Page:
The book considers leftist activists who freak out at every supposed injustice but who are rotten to their core. This is illustrated jarringly: a character who writes a social justice blog turns out to be a pedophile. The Ink Black Heart also examines the psychology behind people who are convinced they have an illness when nothing is wrong with them. This is a possible stand-in for contemplating the wide-reaching effects of denying reality. Also considered is the evilness of internet trolls — a common thread in Rowling’s life.
Mostly, this is an intricate whodunit. Rowling knows how to drive a plot with the need-to-know question, “Who is the murderer?” Numerous suspects are spun around the believable, immersive web of a toxic fandom obsessed with a dark cult classic.
Come for the will-they-or-won’t-they private detectives and engrossing murder mystery. Stay for the minutiae of Rowling’s world-building.
Ellie Gardey is reporter and associate editor at The American Spectator.
Matthew Omolesky: “Life is bristling with thorns,” wrote Voltaire, “and I know of no other remedy than to cultivate one’s garden.” For most people, this means a manicured lawn, boxwood hedges, tidy rows of flowers, and the odd specimen tree, but in his lavishly produced English Garden Eccentrics, Todd Longstaffe-Gowan, president of the London Gardens Trust and gardens adviser to Historic Royal Palaces, introduces us to a superior sort of gardener. Between the Stuart and Victorian eras, that great age of eccentrics, there were those such as the antiquarian William Stukeley, the proto-conservationist Charles Waterton, the ornithophile aristocrat Harriet, Lady Reade, and others who required the expansive medium of landscape architecture to express their singular characters. Lady Dorothy Nevill, the youngest child of Horace Walpole, collected thousands of orchids, stove ferns, camellias, and carnivorous plants, filling “no fewer than seventeen hothouses, including ranges of forcing pits, a peach case, vineries, a tank house (for aquatics), an orchid house, a tropical orchard house (orangery), a palm house, a fernery and a film fernery,” while the yeoman Thomas Bland laboriously transformed his Cumbrian farm into an Italian villa-garden picturesquely nestled in the English Apennines. Few of these horticultural wonders survived their owners, however, leading Longstaffe-Gowan to the melancholy conclusion that “after the originator of an intensely personal and idiosyncratic living work of art ceases to play a role in its development, it invariably loses something of its animated soul and immediacy.” What is worse, few these days are following in the august footsteps of Nevill, Bland, and their fellow eccentrics. John Stuart Mill, in his 1859 essay “Of Individuality,” rightly observed that “eccentricity has always abounded when and where strength of character has abounded; and the amount of eccentricity in a society has generally been proportional to the amount of genius, mental vigour, and moral courage which it contained. That so few now dare to be eccentric, marks the chief danger of the time.” The conformity that characterizes present-day landscape architecture confirms this as well as anything, but Longstaffe-Gowan’s horticultural Wunderkammer can serve as a salve for the indignities modernity has inflicted on us, while providing inspiration for some of the more adventurous gardeners out there.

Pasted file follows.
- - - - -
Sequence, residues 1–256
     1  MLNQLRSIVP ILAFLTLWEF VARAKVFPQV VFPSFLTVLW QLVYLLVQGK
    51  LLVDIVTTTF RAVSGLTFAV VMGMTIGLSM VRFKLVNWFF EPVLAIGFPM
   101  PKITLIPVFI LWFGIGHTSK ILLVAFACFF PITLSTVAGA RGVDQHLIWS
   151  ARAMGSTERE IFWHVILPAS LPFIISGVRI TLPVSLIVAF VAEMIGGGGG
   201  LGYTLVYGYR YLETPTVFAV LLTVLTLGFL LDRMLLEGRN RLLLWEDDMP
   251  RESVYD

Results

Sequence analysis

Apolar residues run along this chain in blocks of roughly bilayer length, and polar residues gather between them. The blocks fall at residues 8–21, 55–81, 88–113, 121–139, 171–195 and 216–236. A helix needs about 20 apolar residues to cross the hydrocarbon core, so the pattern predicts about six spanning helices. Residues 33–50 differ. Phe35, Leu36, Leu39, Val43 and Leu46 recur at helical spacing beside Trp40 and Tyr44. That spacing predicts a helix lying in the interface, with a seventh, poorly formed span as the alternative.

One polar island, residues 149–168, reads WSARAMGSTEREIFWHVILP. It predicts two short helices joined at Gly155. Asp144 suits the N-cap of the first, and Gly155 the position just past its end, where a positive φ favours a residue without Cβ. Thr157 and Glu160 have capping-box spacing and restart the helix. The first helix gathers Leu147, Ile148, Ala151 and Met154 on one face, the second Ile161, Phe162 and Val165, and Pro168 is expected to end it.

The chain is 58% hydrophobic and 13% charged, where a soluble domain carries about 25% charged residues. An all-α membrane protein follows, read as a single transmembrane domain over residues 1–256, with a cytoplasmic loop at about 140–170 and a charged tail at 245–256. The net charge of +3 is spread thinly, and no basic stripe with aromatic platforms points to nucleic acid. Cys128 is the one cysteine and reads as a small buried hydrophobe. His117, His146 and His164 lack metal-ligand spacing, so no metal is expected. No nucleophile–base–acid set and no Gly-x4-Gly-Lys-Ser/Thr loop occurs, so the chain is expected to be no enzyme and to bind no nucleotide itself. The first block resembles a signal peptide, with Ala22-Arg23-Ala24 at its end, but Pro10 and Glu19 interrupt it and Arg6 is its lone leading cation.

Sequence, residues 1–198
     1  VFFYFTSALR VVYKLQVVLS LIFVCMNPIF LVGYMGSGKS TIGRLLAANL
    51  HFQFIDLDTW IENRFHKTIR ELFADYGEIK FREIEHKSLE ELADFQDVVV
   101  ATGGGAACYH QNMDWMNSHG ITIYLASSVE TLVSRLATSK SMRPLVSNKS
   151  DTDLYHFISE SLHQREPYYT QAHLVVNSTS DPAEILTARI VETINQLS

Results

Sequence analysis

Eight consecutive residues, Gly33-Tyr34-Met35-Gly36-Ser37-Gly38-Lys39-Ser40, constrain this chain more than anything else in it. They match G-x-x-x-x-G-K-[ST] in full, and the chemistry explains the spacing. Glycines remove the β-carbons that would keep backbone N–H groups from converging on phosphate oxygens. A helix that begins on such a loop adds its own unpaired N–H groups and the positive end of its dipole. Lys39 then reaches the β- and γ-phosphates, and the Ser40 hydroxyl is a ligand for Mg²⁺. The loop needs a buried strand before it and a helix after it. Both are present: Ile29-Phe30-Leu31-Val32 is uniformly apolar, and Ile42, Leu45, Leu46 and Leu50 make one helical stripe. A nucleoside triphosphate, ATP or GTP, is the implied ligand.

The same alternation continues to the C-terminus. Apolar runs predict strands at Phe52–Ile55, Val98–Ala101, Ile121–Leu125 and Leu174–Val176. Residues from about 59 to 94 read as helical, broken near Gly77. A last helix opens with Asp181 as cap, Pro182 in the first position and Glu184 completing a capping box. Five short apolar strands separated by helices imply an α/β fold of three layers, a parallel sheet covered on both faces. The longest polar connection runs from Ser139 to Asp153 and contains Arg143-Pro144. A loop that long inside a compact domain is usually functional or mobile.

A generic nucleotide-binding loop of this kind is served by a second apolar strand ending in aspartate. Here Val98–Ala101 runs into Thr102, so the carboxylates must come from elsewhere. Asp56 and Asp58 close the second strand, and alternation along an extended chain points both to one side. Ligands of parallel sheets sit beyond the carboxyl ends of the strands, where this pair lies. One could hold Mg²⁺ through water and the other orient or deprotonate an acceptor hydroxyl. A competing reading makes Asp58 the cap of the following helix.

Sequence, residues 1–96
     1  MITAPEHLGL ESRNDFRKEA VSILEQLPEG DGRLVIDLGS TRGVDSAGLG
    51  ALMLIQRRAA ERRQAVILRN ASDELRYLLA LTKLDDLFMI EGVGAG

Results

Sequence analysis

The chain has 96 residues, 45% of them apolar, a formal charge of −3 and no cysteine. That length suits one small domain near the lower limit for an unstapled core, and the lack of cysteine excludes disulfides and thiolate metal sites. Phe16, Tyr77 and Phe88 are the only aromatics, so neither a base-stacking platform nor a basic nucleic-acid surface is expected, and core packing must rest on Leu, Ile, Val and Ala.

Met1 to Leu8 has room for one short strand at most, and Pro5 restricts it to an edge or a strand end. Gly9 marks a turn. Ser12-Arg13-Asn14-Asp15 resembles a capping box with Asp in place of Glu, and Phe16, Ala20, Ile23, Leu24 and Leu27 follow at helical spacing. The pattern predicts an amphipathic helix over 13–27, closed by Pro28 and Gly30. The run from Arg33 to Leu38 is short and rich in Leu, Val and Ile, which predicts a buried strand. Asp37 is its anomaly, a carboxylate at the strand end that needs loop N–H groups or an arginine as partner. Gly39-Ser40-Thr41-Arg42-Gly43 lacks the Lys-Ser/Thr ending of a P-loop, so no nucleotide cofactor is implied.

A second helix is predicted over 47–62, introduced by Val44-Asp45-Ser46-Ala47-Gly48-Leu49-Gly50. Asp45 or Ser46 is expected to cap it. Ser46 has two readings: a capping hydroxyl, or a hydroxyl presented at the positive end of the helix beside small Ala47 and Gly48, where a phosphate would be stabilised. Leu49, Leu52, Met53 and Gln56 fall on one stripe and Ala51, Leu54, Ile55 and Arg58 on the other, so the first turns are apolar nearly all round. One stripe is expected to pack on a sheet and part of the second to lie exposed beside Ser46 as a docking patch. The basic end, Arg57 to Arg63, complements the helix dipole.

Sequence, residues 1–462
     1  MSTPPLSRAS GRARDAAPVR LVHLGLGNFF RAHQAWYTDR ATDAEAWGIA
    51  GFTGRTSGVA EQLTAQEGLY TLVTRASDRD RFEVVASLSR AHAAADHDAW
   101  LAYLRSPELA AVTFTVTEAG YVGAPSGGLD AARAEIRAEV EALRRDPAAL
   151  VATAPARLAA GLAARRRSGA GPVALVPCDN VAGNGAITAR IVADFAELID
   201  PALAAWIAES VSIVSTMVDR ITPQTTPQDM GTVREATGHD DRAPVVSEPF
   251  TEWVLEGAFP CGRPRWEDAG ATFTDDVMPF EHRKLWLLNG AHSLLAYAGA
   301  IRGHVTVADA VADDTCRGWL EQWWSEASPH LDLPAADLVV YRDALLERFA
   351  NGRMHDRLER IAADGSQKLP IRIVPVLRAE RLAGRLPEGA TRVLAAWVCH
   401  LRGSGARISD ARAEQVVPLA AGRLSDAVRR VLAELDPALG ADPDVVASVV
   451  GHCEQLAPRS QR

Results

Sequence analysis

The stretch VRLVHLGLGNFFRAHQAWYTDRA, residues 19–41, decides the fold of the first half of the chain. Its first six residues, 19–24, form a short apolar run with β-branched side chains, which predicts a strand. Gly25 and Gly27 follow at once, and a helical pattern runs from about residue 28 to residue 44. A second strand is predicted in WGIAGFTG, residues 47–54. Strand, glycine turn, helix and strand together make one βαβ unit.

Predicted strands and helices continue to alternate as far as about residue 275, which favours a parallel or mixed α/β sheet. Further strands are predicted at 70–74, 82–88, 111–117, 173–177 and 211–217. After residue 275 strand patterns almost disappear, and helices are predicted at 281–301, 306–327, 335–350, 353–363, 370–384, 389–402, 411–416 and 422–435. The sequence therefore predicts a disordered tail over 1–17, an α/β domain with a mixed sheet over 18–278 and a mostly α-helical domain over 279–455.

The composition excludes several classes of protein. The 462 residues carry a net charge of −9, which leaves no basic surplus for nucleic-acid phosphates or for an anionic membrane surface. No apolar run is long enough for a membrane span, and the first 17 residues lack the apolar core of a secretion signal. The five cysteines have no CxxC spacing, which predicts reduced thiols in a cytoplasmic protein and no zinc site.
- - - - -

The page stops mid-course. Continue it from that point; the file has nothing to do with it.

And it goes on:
Matthew Omolesky is a human rights lawyer, a researcher in the fields of cultural heritage preservation and law and anthropology, a Fellow of the Royal Anthropological Institute, and a contributor to The American Spectator.
Shmuel Klatzkin: My choice is a book I read decades ago and I just recently picked it up for a reread after a long time: Alfred North Whitehead’s Science and the Modern World.
I love Whitehead for his seriously original thinking and his view of the grand flow of ideas through civilization. He affords the same careful and insightful treatment to the works of philosophers like George Berkeley and poets like Wordsworth and Shelley as he gives to crucial scientific figures such as Galileo, Newton, and Einstein. In doing this, he takes a position counter to the tendency of much of modern thought to take refuge in jargon and isolated specialties, intellectually unconcerned with how their insights affect other and the culture that guides us all.